What it's like to live with a progressive neuromuscular disease

Monday, October 13, 2014

Reflections from an airport. (Be forewarned, there are a lot of them)

Sometimes I like to wait until I’ve more fully processed my thoughts and feelings about something before writing a blog post. And other times, I blog about something to more fully understand how I feel and where I stand on something. This is one of those times.

Yesterday I spent an entire day from 9am to 6:30pm sitting in a small lecture hall (which appeared to have been cryogenically frozen since 1979) at Beuth Hochschelu für Technik Berlin aka the University of Applied Sciences. I was there for the GNE Myopathy (the new name for HIBM) Consortium. Virtually every scientist/researcher who is working directly on HIBM or indirectly on neuromuscular diseases, gene therapies or metabolic treatments was there.

The very first year that HIBM scientists came together (at that time it was on behalf of the NDF), there were about 8 scientists sitting around a conference table. That was 6 years ago. Since then, the consortium has evolved into an independently organized event. Yesterday, I walked into a lecture hall with over 35 scientists from around the world- Japan, Israel, France, Germany, the UK and the US (including the NIH, Ultragenyx and UCLA). Everyone there to share their research and exchange ideas for this little known orphan disease that I have. As you can imagine, it was overwhelming. In a good way. All the authors of every recent paper on HIBM were there, within feet of me. It was quite exhilarating in fact. There was also one other special guest present whom I’ll get to.

I sat down, took a moment to take it all in and then got out some paper and a pen. I was immediately catapulted back in time to medical school. The lectures began and I started taking notes. I often, in the context of this disease, have a lot of “meant to be moments.” I imagine we all do, as one of our many coping tools. For example, the fact that I had been working out since I was 14 years old was “meant to be,” since it put my body in the best possible shape before beginning it’s premature decline (sorry, just keeping it real). Or the fact that I became a psychiatrist was “meant to be,” as it requires very little physical effort of my behalf. I’ll spare you more examples, but suffice it to say, I had many of those moments yesterday as I followed along the metabolic pathway slides or the discussions on slow and fast twitch muscle fibers.

But as the day wore on, my enthusiasm and vigor started to wane. I became impatient, especially when a presentation or group discussion would end with something along the lines of, “there’s still so much we don’t know” or “we haven’t been able to manufacture that one essential ingredient that’s needed to move the work in our lab forward.” I was hyperaware of the fact that all the talk was taking place on a molecular level and so I started to speak up. I wanted (demanded?) to hear more about the clinically relevant applications of the collective research. I wanted to bring attention to the fact that all of the potential treatments being presented were ultimately in the service of slowing progression, not necessarily of regaining strength (a fantasy I’ve never let myself indulge in anyway). When I asked about some alternative treatments (believe or not, human breast milk is rich in sialic acid) it was given a minute’s thought and then essentially dismissed. I did not get emotional, for I recognized the importance of walking the line between level-headed physician and desperate patient. And the truth is, I didn’t feel emotional. I wasn’t suppressing any tears (not my forte anyway). I felt empowered. I felt strong.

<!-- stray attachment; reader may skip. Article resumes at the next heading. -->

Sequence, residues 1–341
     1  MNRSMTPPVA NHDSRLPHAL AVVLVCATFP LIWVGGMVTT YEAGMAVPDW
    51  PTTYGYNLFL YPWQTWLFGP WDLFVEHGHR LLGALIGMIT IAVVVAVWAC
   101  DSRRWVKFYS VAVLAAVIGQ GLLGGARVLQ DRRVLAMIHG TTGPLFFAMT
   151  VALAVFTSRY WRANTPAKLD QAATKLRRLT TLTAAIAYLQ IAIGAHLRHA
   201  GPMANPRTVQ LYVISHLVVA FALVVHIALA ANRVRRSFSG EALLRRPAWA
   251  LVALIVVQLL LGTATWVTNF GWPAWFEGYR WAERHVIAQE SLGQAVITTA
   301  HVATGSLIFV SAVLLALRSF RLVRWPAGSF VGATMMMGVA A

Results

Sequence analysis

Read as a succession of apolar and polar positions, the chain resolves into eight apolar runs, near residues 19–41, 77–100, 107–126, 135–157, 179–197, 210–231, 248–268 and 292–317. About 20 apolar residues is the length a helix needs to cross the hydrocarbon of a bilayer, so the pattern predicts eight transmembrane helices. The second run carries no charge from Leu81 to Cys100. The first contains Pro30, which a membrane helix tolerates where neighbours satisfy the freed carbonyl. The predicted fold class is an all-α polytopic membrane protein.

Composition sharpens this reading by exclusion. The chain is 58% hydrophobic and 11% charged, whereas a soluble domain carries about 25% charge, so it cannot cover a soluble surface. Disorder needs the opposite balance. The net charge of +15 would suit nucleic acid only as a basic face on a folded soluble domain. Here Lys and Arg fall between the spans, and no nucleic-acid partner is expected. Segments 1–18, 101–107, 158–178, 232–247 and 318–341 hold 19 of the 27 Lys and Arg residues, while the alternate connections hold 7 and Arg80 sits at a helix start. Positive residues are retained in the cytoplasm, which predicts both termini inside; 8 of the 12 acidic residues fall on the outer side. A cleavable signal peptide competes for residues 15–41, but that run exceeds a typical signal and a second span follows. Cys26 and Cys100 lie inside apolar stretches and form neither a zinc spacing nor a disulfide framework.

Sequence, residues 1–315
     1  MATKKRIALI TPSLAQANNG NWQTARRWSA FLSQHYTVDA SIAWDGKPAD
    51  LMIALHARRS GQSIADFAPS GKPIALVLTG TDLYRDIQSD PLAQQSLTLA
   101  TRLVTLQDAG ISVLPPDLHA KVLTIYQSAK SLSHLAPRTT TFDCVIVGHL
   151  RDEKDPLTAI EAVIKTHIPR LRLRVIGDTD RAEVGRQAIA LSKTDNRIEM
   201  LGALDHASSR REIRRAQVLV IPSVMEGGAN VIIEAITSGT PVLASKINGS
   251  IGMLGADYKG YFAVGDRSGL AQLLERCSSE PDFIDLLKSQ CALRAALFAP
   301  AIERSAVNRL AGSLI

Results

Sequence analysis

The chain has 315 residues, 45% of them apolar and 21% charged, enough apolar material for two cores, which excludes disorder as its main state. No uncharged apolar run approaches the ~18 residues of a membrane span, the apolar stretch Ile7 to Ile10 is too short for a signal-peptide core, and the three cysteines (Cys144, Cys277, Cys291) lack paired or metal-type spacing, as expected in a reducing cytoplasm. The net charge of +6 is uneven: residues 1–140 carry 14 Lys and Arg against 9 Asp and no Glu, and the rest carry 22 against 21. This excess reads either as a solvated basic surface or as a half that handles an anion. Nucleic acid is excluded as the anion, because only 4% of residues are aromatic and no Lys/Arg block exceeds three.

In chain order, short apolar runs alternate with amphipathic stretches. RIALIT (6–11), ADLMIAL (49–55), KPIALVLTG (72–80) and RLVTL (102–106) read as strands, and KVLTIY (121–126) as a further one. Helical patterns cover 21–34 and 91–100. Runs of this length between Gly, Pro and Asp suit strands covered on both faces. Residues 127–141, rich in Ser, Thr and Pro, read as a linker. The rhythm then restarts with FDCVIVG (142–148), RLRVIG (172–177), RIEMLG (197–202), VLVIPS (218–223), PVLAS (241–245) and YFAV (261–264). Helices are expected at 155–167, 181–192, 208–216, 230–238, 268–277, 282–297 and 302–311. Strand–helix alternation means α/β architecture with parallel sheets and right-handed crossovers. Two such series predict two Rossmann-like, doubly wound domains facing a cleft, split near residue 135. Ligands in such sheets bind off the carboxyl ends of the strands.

Here’s the part that felt the hardest. When the day started and we were all taking our seats, I sat on the top row, closest to the door and looked down and saw this lovely Japanese woman sitting in an electric wheelchair on the ground floor. Yuriko. I knew who she was the minute I saw her. Though we’d never met, I recognized her from my sister’s photos from last year’s consortium. Yuriko had flown all the way from Japan to San Francisco with her husband last year and to Berlin this year. I went right down the stairs to introduce myself. Of course, she couldn’t lift her arm to shake my hand, but I took her hand in mine and held it as tightly as I could. (As someone who has always prided herself on giving firm handshakes, weak hands are one of my least favorite parts of this disease.) I then “ran” back up to my seat to focus on the science.

But throughout the day, I couldn’t help but be distracted. I watched how her husband removed her scarf for her when she got warm. I observed how he brought a glass of water to her lips when she was thirsty. And I also saw how she spent the entire day smiling the kindest, most gracious smile. I watched as her husband went around and distributed a not-so-small wrapped gift of boxed chocolates to every singe scientist sitting there on behalf of the GNE myopathy patient advocacy group in Japan of which Yuriko is the Vice President. I looked at her and wondered how she looked so beautiful, so neatly dressed with her hair perfectly tied up in a pony tail. I wondered how much time went into her simple act of getting dressed.